Another designation for the month of August asks us, “What Will Be Your Legacy?” I attribute the natural desire to leave a legacy to the basic human need for Significance. Everyone wants to have an impact, to make a difference and to leave something of themselves behind to be remembered by. Leaving a legacy will be more important to someone with a higher need for significance. Of course, everyone will leave a legacy, but people with a higher need for Significance think about it intentionally. If you’re not intentional about it, you may leave the sort of legacy you’d prefer not to leave.
Thinking about your death is not the easiest thing to do. The thought is unpleasant and, for many, fraught with uncertainty. And yet, lying on your deathbed, you will find satisfaction in leaving something valuable behind, something that will represent you into eternity.
In my book, Choosing Me Now, there is a chapter about how to meet your need for Significance; leaving a legacy is one of the ways I focused on. There are three ways to leave a legacy.
One way to measure your legacy is through the people you have touched. For some, one’s legacy is their children and their children’s children. Having another person on the planet that has half your DNA can be the most satisfying thing ever and cannot be minimized. I have two sons I am extremely proud of and eight beautiful grandchildren that will carry my legacy far into the future. When comprehending the reach of your relational legacy, everything you do, everything your children do, their children do and their children’s children do started with you and even those that came before you. This is an extremely comforting thought to me as I age.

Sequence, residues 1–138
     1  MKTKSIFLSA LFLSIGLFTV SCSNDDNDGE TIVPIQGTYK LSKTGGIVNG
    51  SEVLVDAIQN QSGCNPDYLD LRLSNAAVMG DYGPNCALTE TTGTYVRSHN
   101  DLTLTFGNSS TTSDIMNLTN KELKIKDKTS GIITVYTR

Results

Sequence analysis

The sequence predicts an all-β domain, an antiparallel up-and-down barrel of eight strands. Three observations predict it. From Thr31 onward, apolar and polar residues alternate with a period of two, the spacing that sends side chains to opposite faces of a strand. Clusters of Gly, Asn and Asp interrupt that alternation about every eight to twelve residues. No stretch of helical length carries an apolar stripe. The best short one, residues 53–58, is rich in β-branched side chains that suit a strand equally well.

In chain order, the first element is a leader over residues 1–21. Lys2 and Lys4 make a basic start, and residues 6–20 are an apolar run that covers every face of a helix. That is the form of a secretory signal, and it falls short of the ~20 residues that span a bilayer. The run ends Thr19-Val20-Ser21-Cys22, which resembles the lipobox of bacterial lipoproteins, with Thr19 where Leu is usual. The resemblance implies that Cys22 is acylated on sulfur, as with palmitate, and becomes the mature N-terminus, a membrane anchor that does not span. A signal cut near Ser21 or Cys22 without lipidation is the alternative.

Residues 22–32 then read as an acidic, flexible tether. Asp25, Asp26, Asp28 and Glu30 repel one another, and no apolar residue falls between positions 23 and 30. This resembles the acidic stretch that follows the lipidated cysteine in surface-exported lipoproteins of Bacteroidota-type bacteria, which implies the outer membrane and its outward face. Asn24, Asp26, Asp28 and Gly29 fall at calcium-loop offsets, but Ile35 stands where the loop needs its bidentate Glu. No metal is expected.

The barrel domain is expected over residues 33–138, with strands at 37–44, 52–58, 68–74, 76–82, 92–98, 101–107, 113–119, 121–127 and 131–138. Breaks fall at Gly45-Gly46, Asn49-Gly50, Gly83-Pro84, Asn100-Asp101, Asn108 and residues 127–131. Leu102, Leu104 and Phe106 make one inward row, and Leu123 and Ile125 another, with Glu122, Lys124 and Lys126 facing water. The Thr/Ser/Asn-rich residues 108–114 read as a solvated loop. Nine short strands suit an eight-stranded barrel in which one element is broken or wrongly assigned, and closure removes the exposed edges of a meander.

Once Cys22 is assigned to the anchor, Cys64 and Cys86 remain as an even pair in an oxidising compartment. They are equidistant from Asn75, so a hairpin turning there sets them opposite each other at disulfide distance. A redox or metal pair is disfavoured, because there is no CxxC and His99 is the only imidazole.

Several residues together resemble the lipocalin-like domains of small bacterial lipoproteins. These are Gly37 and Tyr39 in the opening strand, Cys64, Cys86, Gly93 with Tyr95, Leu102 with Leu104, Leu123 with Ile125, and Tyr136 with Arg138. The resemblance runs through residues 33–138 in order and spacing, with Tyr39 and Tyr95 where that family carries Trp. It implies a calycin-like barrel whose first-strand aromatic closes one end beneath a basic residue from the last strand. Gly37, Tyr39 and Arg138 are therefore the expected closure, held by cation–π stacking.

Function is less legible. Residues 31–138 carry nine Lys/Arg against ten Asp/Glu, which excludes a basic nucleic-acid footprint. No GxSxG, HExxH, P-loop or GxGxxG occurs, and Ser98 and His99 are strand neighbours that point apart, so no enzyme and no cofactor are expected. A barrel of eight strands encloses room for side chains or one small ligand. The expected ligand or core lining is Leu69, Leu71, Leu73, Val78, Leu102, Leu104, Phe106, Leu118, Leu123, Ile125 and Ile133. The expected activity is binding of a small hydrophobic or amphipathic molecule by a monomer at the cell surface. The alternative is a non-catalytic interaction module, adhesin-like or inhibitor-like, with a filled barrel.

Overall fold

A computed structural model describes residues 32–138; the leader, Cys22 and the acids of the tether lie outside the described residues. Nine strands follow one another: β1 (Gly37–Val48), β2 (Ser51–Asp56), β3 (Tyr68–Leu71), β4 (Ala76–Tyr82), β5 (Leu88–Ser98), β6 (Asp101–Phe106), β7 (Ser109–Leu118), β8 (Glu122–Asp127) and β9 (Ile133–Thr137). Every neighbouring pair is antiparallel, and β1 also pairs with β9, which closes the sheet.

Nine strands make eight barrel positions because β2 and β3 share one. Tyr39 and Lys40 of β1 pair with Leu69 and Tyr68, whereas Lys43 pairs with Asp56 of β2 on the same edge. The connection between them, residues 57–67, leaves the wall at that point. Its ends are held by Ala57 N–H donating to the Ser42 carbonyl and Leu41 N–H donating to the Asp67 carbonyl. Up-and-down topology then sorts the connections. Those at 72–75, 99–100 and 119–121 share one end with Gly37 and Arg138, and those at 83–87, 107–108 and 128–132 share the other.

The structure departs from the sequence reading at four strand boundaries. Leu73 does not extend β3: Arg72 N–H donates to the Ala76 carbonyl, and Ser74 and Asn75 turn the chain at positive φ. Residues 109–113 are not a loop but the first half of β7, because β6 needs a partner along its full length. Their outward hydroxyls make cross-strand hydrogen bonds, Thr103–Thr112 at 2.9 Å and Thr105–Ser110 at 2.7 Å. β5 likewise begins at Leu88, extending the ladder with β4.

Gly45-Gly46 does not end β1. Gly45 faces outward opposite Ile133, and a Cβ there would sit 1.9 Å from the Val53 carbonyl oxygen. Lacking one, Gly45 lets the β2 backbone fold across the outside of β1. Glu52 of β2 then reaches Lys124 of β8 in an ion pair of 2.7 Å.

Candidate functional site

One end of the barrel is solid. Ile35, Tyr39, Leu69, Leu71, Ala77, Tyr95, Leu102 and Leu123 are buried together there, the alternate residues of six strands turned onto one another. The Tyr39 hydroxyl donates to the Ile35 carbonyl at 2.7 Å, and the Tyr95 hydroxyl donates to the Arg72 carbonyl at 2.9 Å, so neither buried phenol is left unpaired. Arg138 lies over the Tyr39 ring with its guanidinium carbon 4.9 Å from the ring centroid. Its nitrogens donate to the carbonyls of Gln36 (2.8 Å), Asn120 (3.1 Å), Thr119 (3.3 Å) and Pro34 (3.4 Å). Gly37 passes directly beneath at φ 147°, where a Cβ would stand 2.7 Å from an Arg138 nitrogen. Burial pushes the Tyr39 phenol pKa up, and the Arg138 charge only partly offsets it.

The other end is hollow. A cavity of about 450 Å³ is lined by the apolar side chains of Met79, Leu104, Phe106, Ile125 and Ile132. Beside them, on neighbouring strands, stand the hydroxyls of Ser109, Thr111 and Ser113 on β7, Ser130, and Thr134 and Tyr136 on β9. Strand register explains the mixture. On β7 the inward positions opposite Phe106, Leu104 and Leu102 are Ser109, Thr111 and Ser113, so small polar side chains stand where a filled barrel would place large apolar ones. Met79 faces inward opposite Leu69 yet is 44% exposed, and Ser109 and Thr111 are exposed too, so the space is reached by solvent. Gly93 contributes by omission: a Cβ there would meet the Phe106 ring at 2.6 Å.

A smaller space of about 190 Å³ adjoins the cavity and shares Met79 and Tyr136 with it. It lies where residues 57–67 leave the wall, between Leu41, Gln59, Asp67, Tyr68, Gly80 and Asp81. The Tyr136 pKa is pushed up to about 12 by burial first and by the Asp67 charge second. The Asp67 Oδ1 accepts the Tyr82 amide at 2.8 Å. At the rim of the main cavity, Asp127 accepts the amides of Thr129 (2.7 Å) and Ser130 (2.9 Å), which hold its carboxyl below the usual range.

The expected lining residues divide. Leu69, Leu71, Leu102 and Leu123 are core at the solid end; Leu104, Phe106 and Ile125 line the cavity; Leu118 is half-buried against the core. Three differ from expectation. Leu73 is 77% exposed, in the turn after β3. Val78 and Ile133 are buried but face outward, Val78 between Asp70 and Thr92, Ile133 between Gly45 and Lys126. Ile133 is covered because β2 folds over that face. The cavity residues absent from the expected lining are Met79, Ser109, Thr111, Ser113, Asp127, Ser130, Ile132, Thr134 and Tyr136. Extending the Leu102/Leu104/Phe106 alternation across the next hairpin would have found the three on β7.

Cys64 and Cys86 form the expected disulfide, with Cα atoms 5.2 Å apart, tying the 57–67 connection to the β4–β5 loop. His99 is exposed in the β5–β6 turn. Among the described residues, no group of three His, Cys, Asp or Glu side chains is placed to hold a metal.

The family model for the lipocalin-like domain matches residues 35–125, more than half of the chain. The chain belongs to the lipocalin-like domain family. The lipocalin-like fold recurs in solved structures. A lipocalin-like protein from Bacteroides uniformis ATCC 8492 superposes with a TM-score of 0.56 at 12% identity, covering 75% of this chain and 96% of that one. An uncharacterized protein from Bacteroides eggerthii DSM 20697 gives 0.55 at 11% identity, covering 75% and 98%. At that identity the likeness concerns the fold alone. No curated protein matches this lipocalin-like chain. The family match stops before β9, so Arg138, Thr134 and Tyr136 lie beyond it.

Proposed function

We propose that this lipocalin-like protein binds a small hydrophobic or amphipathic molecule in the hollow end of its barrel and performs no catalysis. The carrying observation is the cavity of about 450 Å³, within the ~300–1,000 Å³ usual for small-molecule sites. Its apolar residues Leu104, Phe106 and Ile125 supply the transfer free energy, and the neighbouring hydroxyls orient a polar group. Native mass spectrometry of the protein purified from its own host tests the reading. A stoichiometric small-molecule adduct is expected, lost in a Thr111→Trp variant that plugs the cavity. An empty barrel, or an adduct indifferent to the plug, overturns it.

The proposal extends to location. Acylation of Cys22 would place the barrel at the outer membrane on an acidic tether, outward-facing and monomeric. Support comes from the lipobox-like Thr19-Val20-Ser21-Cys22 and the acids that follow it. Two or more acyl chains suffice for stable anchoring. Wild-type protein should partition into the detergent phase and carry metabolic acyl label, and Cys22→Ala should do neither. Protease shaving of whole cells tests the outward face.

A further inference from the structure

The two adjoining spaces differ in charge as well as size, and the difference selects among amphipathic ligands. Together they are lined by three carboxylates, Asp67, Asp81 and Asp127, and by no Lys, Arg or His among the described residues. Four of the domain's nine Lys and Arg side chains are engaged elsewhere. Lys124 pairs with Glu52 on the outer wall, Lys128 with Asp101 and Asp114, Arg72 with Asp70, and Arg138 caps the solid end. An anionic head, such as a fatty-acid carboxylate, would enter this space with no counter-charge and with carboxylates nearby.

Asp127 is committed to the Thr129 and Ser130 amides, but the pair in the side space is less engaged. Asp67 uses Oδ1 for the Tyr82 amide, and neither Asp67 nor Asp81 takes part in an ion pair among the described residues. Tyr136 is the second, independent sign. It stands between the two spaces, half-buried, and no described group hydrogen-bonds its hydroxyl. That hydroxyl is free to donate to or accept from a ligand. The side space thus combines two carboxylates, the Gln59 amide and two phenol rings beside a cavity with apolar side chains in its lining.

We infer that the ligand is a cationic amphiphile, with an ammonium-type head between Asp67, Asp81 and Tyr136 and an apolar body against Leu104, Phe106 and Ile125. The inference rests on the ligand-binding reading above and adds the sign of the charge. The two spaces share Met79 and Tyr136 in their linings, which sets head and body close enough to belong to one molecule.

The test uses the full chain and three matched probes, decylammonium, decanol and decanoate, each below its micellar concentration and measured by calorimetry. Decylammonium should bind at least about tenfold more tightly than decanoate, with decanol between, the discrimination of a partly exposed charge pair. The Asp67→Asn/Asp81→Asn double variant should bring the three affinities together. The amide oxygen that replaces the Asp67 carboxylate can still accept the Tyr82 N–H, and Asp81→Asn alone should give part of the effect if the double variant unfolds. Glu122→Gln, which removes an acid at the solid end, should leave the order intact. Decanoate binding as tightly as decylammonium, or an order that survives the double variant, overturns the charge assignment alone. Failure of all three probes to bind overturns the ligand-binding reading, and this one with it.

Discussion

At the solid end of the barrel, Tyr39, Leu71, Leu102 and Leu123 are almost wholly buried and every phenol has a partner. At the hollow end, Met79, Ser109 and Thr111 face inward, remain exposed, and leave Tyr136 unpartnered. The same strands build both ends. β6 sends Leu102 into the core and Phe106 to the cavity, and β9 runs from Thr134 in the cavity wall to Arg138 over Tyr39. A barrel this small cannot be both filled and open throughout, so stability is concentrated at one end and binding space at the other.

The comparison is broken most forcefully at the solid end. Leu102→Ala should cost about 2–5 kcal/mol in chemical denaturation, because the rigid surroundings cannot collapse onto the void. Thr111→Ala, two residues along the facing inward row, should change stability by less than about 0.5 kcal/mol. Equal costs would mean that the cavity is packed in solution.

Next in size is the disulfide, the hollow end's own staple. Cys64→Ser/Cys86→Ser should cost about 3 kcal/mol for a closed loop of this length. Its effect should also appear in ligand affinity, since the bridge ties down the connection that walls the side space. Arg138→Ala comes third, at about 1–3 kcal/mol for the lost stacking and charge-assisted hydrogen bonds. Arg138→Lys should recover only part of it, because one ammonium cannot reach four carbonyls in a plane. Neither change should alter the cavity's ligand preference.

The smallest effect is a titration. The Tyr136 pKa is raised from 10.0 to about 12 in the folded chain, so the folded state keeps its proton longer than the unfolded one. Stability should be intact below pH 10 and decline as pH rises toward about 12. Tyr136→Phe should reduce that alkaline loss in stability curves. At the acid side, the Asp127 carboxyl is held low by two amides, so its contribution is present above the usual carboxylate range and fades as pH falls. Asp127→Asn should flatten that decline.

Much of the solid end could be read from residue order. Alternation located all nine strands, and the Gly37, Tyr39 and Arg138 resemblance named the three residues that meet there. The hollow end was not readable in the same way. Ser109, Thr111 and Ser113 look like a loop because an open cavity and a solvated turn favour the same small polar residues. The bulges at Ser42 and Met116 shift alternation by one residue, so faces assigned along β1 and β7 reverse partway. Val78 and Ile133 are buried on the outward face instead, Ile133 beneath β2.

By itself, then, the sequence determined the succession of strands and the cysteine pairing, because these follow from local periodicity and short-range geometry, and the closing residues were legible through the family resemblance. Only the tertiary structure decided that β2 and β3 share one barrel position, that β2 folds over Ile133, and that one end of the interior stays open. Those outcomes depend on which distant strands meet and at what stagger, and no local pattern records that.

People can also leave relational legacies having nothing to do with familial ties. We leave behind people whose lives we have touched, not just our family members. Our interactions with people can add to their lives, take away from their lives or have neutral effect. What relational legacy are you cultivating?
Another way to measure your legacy is by the outcomes you have produced. I have created a successful business, written four books, a parenting curriculum for court-mandated parents and a board-certified coaching program. I am proud of these creations; they will be part of my tangible legacy that hopefully will be enjoyed for years to come. My father-in-law built buildings and bridges. My father was a land developer. Artists, song writers and actors leave their mark in a tangible way. There are multiple ways to leave tangible legacies. What will yours be?
You can also measure your legacy by the people you’ve served. Some people have jobs where they save lives, heal the sick, teach, preach, protect, clean and counsel. There is a relational factor in every job; it’s possible for people to benefit from anything you can think to do. When thinking of your legacy, you can think about all the people that were helped by the work you do.
Perhaps my largest legacy to date are the countless people whose lives have been touched by things I have said and done—some of them I know, others I don’t. I had the excellent fortune of learning the concepts of Choice Theory psychology, now the study and application of it my life’s work, when I had just turned 27. The information contained within Choice Theory is so valuable, I find it impossible not to share. I have taught it directly to those asking to learn it and to those mandated to hear it, and I have taught it indirectly by demonstrating living with Choice Theory for anyone who has come into contact with me over the years. Most recently, I’ve developed my own process, Mental Freedom, which is an extension of Choice Theory into the self-discovery realm.
When you operate in your passion, you cannot help but leave a legacy. It may not be the tangible kind, such as children, a building you had a hand in constructing, or a book you wrote, but there will always be the legacy of the lives you improved by operating in your passion in service of others. What will your legacy be? What will you leave behind to make the world a better place than when you first arrived?